General Rios Montt And The Guatemalan Elections

The prospect for peace and reconciliation in Guatemala was dealt a severe blow last week when the ex-dictator General Efraín Ríos Montt, responsible for over 100,000 deaths and disappearances in the 1980s, was enlisted as a presidential candidate. Such desirable concepts as peace and reconciliation have hardly described Guatemala over the last seven years, as the country has deteriorated consistently since the signing of peace accords in 1996. However, the decision of the Constitutional Court to allow Ríos Montt´s candidacy clearly highlights the country´s return to military control and the reversal of minimal democratic steps.

Ríos Montt first came to power in Guatemala through a military coup in 1982. At that time the Guatemalan army, having held successive dictatorships since a CIA-backed 1954 coup, was at the height of a counter-insurgency war with left-wing guerrillas. The war had become especially bloody since the late 1970s, and state tactics against suspected guerrillas left thousands dead, tortured or disappeared. Upon gaining power, General Ríos Montt initiated a “scorched earth” campaign: the military was to cover the country, indiscriminately massacring populations and burning entire villages to the ground. The testimonies that have surfaced are horrendous—in hundreds of villages dozens of men, women and children were beaten, raped, dismembered, murdered and thrown into mass graves. Over 100,000 Guatemalans were killed or disappeared during Ríos Montt´s one and a half year rule. And now, as Ríos Montt presents himself as a presidential candidate, the mass graves left behind from his military campaign are being unearthed on a daily basis.

According to the new constitution which accompanied a nominally democratic, yet militarily designed, transition in 1985, ex-coup participants are barred from running for president in Guatemala. Still, Ríos Montt has remained highly active in national politics, having held the presidency of the Guatemalan congress since 1999 and heading the FRG political party since its inception. In 1989, 1995, and again this year, Ríos Montt has attempted to present himself as a national presidential candidate, arguing that the law barring him is not retroactive from 1985. After over a month of decisions, appeals and counter-appeals in Guatemala´s Constitutional and Supreme Courts, Ríos Montt was awarded unappealable acceptance of his claim by the seven FRG-appointed judges of the Constitutional Court. As of July 31, Efraín Ríos Montt is now listed as the FRG candidate for the November 9, 2003 elections.

The candidacy, and possible election, of Ríos Montt is much more than symbolic; it is a major step in what has been a continual process of reversal or outright rejection of the peace accords. When the Guatemalan government and the URNG guerrillas agreed upon the UN-brokered 1996 peace accords, they laid the groundwork for significant reforms needed for lasting peace. The military was to be reduced in size and function, the guerrillas were disarmed, the rights of indigenous peoples were recognized, and beginning steps were made towards altering the drastically unequal system of land ownership. These were only agreed to on paper, however, and powerful elements in Guatemalan government and society ensured that they would never be achieved. The PAN political party, representatives of Guatemala´s historic economic elite, first stalled any realization of initiatives suggested in the peace accords, then annulled the most basic of these in a national referendum in 1999. (1)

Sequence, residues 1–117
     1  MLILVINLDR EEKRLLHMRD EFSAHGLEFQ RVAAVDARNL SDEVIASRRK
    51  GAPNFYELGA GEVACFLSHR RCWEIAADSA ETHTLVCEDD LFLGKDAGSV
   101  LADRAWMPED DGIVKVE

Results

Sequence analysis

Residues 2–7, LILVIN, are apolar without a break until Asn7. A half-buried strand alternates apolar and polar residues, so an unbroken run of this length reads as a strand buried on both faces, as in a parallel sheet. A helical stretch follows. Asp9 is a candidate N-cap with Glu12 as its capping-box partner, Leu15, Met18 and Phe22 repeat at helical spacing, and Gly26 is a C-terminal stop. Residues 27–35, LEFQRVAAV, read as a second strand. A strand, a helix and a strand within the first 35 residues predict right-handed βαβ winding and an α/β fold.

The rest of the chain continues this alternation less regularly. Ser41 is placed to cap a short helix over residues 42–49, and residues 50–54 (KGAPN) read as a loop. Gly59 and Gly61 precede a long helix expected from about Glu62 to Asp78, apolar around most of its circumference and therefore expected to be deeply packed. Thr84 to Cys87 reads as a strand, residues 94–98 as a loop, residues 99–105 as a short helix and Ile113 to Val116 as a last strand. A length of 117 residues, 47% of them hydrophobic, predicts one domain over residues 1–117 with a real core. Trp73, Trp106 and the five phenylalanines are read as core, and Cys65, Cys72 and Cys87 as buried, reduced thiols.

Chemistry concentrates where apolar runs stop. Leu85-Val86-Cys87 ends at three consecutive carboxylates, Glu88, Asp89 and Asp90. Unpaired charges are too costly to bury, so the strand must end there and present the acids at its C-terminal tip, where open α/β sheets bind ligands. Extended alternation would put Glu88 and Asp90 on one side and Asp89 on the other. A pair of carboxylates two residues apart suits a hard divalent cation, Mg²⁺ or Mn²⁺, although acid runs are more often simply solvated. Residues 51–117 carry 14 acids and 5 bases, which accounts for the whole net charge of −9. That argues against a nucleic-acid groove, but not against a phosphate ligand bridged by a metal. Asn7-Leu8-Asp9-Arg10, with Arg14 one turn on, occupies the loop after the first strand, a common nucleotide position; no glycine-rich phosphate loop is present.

After the 1999 referendum discarded the fundamental reforms of the peace accords, the FRG, with its power base in the military elite, assumed the presidency. Since 2000 Guatemala has not only halted any significant steps towards compliance with the peace accords, it has openly regressed along the violent path of the past. The military is again involved in civil activities, and death threats and attacks against human rights activists and indigenous leaders have become a common occurrence.

Ríos Montt´s fight to have his name placed on the presidential ballot has already been bloody, and his campaign and possible presidential term would surely see more state-sponsored violence. When the first Constitutional Court ruling allowing Ríos Montt´s candidacy was overturned by the Supreme Court (an appeal which would later be overturned itself), Ríos Montt supporters were bussed in from the countryside by the FRG to stage a violent protest in the streets of Guatemala City. Thousands of people blocked routes, burned tires and attacked journalists, killing one. The police and army did not interfere during the rioting, apparently on orders from the FRG government, and the violence was only calmed after a direct phone call from Ríos Montt to a rioter´s cell phone.

Such obvious participation by Ríos Montt and the FRG suggest that violence—and the threat of violence—will play a significant role in Ríos Montt´s campaign strategy, not to mention his presidency should this occur. Most Guatemalans would never even think of electing Ríos Montt, and polls show that he currently only holds 11% of the projected vote. Still, a trend of electoral non-participation due to disillusionment and fear (just 18% voted in the 1999 referendum) means that the minority vote of the elite classes and their supporters could possibly bring Ríos Montt to direct power. Luckily, the elite are split between the FRG and the more popular economic elite PAN party. The election of the PAN´s Oscar Berger would mean more inaction on the peace accords and blatant favoritism for neoliberal financial policies, but the election of Ríos Montt could drag Guatemala back to the horrors of the 1980s.

(1) For a more detailed explanation of the failure of the peace accords, see Susanne Jonas, Of Centaurs and Doves: Guatemala´s Peace Process.


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